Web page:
Ascenta Therapeutics (Ascenta), the developer of AT-406, reported that the drug has already demonstrated single-agent antitumor activity in multiple preclinical xenograft models of human cancer, including breast cancer, pancreatic cancer, prostate cancer, and lung cancer. Ascenta also noted that AT-406 has also been shown to work synergistically with conventional chemotherapeutic and targeted agents (such as TRAIL and tyrosine kinase inhibitors) in preclinical tumor models.

Mount Sinai School of Medicine researchers evaluated AT-406 in ovarian cancer cells as a single agent, and in the combination with carboplatin, for therapeutic effectiveness and mechanism of action. The researchers reported that AT-406 had significant single agent activity in 60% of the human ovarian cancer cell lines examined in vitro, and inhibited ovarian cancer progression in vivo. Notably, three of the five carboplatin-resistant cell lines tested sensitive to AT-406, thereby highlighting the therapeutic potential of AT-406 for patients with inherent or acquired platinum drug resistance.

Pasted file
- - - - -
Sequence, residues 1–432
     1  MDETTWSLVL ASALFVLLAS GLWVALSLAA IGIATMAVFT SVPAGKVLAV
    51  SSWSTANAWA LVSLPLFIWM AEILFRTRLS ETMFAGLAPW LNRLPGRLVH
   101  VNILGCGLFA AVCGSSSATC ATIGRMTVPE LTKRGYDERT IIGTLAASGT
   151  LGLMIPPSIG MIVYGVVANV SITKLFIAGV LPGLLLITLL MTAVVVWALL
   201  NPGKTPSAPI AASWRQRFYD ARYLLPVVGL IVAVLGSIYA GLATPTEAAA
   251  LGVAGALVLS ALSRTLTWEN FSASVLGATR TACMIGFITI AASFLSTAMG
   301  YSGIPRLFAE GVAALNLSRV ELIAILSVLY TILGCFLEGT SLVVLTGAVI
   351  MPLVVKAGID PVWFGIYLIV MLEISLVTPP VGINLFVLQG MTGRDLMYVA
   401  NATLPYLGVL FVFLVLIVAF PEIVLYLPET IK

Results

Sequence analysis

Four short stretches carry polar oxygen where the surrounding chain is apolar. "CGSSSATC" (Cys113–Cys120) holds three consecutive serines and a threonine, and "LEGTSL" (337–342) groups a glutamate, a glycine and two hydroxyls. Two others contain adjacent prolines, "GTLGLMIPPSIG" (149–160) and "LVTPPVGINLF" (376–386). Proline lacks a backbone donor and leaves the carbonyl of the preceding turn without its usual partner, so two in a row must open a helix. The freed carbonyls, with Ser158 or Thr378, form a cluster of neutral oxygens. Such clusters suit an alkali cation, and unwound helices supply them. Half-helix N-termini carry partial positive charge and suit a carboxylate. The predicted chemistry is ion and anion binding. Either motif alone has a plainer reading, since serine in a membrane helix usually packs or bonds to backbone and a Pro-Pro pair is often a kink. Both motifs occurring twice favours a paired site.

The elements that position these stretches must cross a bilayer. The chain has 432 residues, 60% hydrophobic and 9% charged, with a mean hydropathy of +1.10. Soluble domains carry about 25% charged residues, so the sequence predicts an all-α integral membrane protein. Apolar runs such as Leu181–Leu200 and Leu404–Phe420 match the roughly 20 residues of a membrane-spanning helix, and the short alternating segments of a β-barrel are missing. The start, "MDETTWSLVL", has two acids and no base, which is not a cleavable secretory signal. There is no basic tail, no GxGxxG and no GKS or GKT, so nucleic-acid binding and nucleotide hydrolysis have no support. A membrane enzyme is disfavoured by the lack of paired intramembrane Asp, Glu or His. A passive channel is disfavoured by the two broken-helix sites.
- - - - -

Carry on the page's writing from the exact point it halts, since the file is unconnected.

Additionally, the researchers also determined that AT-406 enhanced carboplatin-induced ovarian cancer cell death and increased the survival of the experimental in vivo test mice. This result suggests a synergy created by this two drug  combination, whereby AT-406 sensitizes the response of these cancer cells to carboplatin. From a mechanism of action perspective, the researchers demonstrated that AT-406 induced apoptosis correlated with the drug’s ability to down-regulate XIAP,  whereby AT-406 induces cIAP1 degradation in both AT-406 sensitive and resistant cell lines. Collectively, these results demonstrate, for the first time, the anti-ovarian cancer efficacy of AT-406 as a single agent and in the combination with carboplatin. The researchers believe that AT-406 may represent a novel therapy for ovarian cancer patients, especially for patients exhibiting resistance to the platinum-based therapies.